Non-Coeliac Gluten Sensitivity

Until just recently, many people that experienced a range of symptoms in response to the eating wheat or foods that contain gluten were believed to be symptoms typical of coeliac disease. However, when people were tested for coeliac disease they lacked the characteristic markers of coeliac disease.

Over recent years, evidence has emerged that people can suffer from gluten intolerance independent to the characteristic clinical manifestation of coeliac disease. In addition, new research is helping shed some light on what is occurring from a serological (blood) and histological (structural) viewpoint with people that have a sensitivity to gluten.

What is Gluten?

Gluten is a family of proteins and is found predominantly in grains. Grains include:

– Wheat, rye, spelt and barley.

Gluten is comprised of 2 main proteins, glutenin and gliadin. Gliadin is the dominant protein that causes issues for people with coeliac disease, which is an autoimmune condition.

Non-Coeliac Gluten Sensitivity

Non-Coeliac Gluten Sensitivity (NCGS) is a relatively newly recognised disorder. In fact, it was only formally given its name in 2012, however, reports of people suffering from NCGS disorder date back for over 30 years.

What is NCGS?

People suffering from NCGS differ from the autoimmune disorder coeliac disease in the fact they do not develop antibodies against gluten. NCGS diagnosis has been difficult since there are many food and environmental triggers that can cause gastrointestinal symptom and until recently there has not been any form of diagnostic markers such as a blood test for NCGS.

What happens if I have NCGS and I eat gluten?

  • The ingestion of wheat (gluten) can trigger a systemic immune reaction in susceptible people.
  • This is due to increased permeability of the mucosal gut lining (it becomes leaky) allowing substances that should only be found in the gastrointestinal tract to leak out into the circulatory systems.
  • The body’s immune system becomes overactive as it recognises these leaked substances from the gut as “the enemy” and starts to try and stop them from doing harm to the body. This results in various systemic issues and symptoms associated with NCGS.

What are the signs & symptoms of NCGS?

There are many signs and symptoms of NCGS. Every person is different and may experience one or several symptoms related to NCGS at different degrees of severity.  I have highlighted the most common signs and symptoms below:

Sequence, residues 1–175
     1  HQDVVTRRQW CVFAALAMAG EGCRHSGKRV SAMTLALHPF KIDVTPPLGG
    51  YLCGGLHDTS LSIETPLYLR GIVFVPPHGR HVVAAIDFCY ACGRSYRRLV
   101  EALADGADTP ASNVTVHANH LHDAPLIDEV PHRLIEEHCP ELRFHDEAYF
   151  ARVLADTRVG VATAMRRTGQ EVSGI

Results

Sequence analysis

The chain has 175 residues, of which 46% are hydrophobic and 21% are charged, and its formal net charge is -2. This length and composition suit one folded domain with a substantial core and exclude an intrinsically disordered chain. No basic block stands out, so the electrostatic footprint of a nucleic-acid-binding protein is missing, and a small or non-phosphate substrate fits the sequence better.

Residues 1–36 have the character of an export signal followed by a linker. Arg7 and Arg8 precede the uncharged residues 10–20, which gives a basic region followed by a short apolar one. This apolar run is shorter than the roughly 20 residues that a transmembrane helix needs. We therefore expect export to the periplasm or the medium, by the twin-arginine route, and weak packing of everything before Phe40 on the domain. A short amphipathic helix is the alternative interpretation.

1. Intestinal

Abdominal pain, diarrhoea, nausea, weight loss, bloating, excessive flatulence.

2. Skin

Erythema (redness of skin & mucosa’s), eczema.

3. General

Headaches, bone and joint pain, involuntary muscle contractions, numbness of hands and feet, chronic tiredness.

4. Nutritional deficiencies


5. Serological

Increased levels of soluble CD14, which is a protein, released by certain white blood cells on activation, increased levels of lipopolysaccharide-(LPS) binding protein which enhances the responsiveness of certain immune cells.

6. Behavioural

Attention disturbances, depression, hyperactivity, ataxia (slurred speech, stumbling, falling, lack of coordination).

7. Dental

Chronic ulcers of the mouth.

8. Structural

Mild inflammation of the intestinal lining, elevated immune cells in the gut lining.

However, symptoms can be due to many other health issues and should be discussed with your doctor in the first instance. This will also allow for any testing to be completed.

Final Word

A simple way to determine if you have gluten sensitivity is to do a gluten free diet elimination test. However, gluten can be hidden in many different food items especially processed packaged foods therefore reading food labels becomes necessary.

A qualified health care professional can help guide you through a gluten free elimination diet protocol, help with reading food labels, understand the hidden sources of gluten. More importantly a qualified healthcare professional can track your progress, health and wellbeing if it is determine that you have NCGS and required a gluten free diet.

Changes to your diet or nutrition to manage a health condition should only be undertaken with advice from a suitably qualified nutritional health professional.

This factsheet is for general information only.

Please contact me to discuss your individual needs.